Disclaimer: I've never used a heated waterer for rabbits.  I had one for the chickens and it was such a pain in the ass.  Cord got chewed. It was a pain in the ass to fill and to clean.  I'm not a fan of electricity and water being in the same place at the same time (call me crazy). I fixed the cord to use the following year. It's still sitting on the shelf where I left it 4 years ago.  I just water the birds twice a day and they seem fine with that.  I use the large rubber feed bowls.  Smash the ice out with a sledge hammer and fill it back up. A 30 second chore vs 5 minutes to unplug, flip over, clean, refill, flip back over (trying not to spill too much) and then plug it back in.  For those reasons, I chose not to invest in heated rabbit water bottles.  I hope that was of some use. 

 
Cathy Giesell
Posts: 21
Location: Jump River, WI
duck forest garden rabbit
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Craig Dobbelyu wrote:The reason I don't like electric water heaters is that when they fail, most people don't notice for a few days and the rabbits go off their feed and then... all sorts of troubles. Electric waterers tend to make watering a second thought rather than a priority because it's not a routine chore and sometimes things get over looked.  Either that or the power goes out and then you're back to hauling water anyway. You'll want to have standard bottles available for those inconvenient power outages. Yeah, we check them twice a day and hoping that it won't be something we overlook. Thanks, yeah, great idea to have water bottles on hand.  I will do that.

I've found the little extra work to be more than worthwhile.   In any case you'll still need to check to make sure that the waterer is filled, heated and functioning twice daily just to make sure the rabbits are drinking.  Sometimes the water in the bottle is liquid but the spout is frozen.  If you have to check on them twice a day for those reasons any way, my suggestion would be to just skip the expense and hassle of the electricity.  I've seen a few heated waterers that seem to do ok until the rabbit (usually a kit) bites a hole in the bottle.  Their little faces fit right through the cage wire and they wreak havoc on bottles.  Or anything near the cage for that matter.  If you have a power outage or the heater fails, the water inside will eventually freeze, expand and may destroy the bottle in the process.  If you aren't home when the power goes out, then it becomes a race against nature to save your bottles before they burst.  Or even just overnight while you're sleeping.The thing I don't like is that the rabbits won't have water for several hours during the day.  I could make sure the bottles aren't too full to have a problem of breaking when they do freeze.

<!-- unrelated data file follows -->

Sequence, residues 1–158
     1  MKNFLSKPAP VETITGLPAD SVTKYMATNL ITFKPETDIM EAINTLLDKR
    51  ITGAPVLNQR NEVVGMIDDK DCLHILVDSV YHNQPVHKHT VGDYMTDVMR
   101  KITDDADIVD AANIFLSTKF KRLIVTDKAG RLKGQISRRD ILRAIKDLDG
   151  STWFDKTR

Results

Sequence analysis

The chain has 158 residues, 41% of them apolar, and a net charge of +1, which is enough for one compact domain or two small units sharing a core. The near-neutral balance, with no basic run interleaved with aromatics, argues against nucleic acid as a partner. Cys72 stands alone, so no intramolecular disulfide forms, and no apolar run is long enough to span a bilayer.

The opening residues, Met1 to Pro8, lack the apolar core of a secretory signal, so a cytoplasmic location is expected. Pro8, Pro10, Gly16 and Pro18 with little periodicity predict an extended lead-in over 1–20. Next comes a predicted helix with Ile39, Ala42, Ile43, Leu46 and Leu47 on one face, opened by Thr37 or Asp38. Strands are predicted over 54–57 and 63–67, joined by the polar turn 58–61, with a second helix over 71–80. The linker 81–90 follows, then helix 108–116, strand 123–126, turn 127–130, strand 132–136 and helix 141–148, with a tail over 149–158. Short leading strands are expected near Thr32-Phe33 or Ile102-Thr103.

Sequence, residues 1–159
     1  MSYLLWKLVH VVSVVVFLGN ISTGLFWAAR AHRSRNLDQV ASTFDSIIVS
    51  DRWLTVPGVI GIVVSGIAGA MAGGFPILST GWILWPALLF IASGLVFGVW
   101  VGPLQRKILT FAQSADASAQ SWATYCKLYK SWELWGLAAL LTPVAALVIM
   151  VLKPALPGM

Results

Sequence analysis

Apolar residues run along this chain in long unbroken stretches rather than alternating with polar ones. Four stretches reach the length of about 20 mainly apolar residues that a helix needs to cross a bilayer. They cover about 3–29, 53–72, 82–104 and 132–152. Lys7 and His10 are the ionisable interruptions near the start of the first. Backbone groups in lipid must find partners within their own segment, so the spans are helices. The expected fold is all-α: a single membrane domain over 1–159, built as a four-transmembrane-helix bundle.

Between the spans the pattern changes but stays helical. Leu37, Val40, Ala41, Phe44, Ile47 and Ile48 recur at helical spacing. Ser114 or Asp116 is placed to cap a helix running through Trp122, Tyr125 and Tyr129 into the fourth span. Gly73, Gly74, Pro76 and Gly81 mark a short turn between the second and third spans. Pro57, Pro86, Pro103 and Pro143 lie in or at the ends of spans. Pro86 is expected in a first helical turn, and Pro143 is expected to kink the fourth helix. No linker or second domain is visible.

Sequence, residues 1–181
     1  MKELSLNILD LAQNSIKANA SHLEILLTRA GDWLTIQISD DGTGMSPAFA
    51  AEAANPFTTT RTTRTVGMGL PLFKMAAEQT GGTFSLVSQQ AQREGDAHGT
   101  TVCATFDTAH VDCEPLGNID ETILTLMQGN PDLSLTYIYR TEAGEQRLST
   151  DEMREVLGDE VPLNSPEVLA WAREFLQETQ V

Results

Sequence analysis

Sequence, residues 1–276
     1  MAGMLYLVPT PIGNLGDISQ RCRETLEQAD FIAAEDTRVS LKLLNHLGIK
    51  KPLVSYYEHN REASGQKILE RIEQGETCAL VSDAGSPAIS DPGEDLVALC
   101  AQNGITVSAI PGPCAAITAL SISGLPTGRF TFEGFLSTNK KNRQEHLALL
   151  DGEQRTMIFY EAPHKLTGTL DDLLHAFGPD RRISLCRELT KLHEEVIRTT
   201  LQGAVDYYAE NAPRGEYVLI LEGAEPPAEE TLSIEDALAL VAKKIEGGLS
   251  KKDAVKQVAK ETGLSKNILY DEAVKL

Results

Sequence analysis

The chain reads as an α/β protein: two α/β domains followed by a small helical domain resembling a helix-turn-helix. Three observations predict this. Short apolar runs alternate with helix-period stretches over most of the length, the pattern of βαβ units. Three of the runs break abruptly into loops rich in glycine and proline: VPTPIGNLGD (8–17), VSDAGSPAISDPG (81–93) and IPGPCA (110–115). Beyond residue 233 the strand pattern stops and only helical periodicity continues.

Make sure that all of the wires are protected from other critters like mice, squirrels and rats. They'll chew through a wire or extension cord and kill your heater without you even noticing.  Worse than that, exposed wires in a rabbit barn could be a fire hazard and a half.  Yeah, totally. We have a pride of cats and I don't think anything will get to our extension cords, but its a good thing to keep in mind.

An adult rabbit will drink a liter of water a day (more in summer). If the heated bottle only holds a liter, you'll have to be out there daily anyway to fill it,  frozen or not.  And if you'll be feeding them twice a day, you might as well do the waters too. 

I understand the desire to top off the feeders and fill a large water bottle and walk away, knowing that there is enough food and water for at least a couple days, especially when it's -20f out there.  I'd much rather sit near the wood stove and read permie-stuff all day. And let's face it, rabbits aren't going to up and die if you're a few hours late with food or water.  But the devil is in the details for sure. In my case the breeding success has everything to do with food and water diligence. Duly noted, I'm one that does not like to give to much, but what they need and no more. I don't like fat animals, but ones that are healthy. I will also be feeding fodder once or twice per day for their fresh greens.

I've had much better outcomes breeding my rabbits when I was very strict with my routine.  Litter size, health and mortality all improved when I was diligent about clean water, cages and appropriate feed rations. I've seen that with all my animals too.

Rabbits won't eat if they can't get water. It's easy to tell if a rabbit isn't eating right away, if you only give them what they will consume in a day.  No food laying around means that they are eating.  If there is food leftover, you either fed too much or something is up with the rabbit.  Either way you'll notice it faster if you're diligent and timely with feed rations. 

I always feed just enough food to my breeders to keep them in good lean health. Basically I feed only as much as they will eat in the first hour that food is available.  I feed that amount, twice a day.  No more unless the rabbit is losing weight.  A pregnant doe gets a little extra feed and usually some small treat (carrot nub, apples slice, kale) until she kindles.  From then until weening she gets all she can eat.  Once she's weened, she's back on her normal ration until she's bred again.   A fat rabbit is less likely to breed and to have decent litters.  Goes for the bucks too.  I weigh my animals from time to time just to make sure they aren't getting too chubby.  Of course if they are losing weight, ramp up the feed ration.   Rations will be different for each animal for a whole host of reasons.  Breed, age, sex, metabolism...blah blah blah  It's good to keep a separate record for each breeder and a litter record for those you intend to slaughter.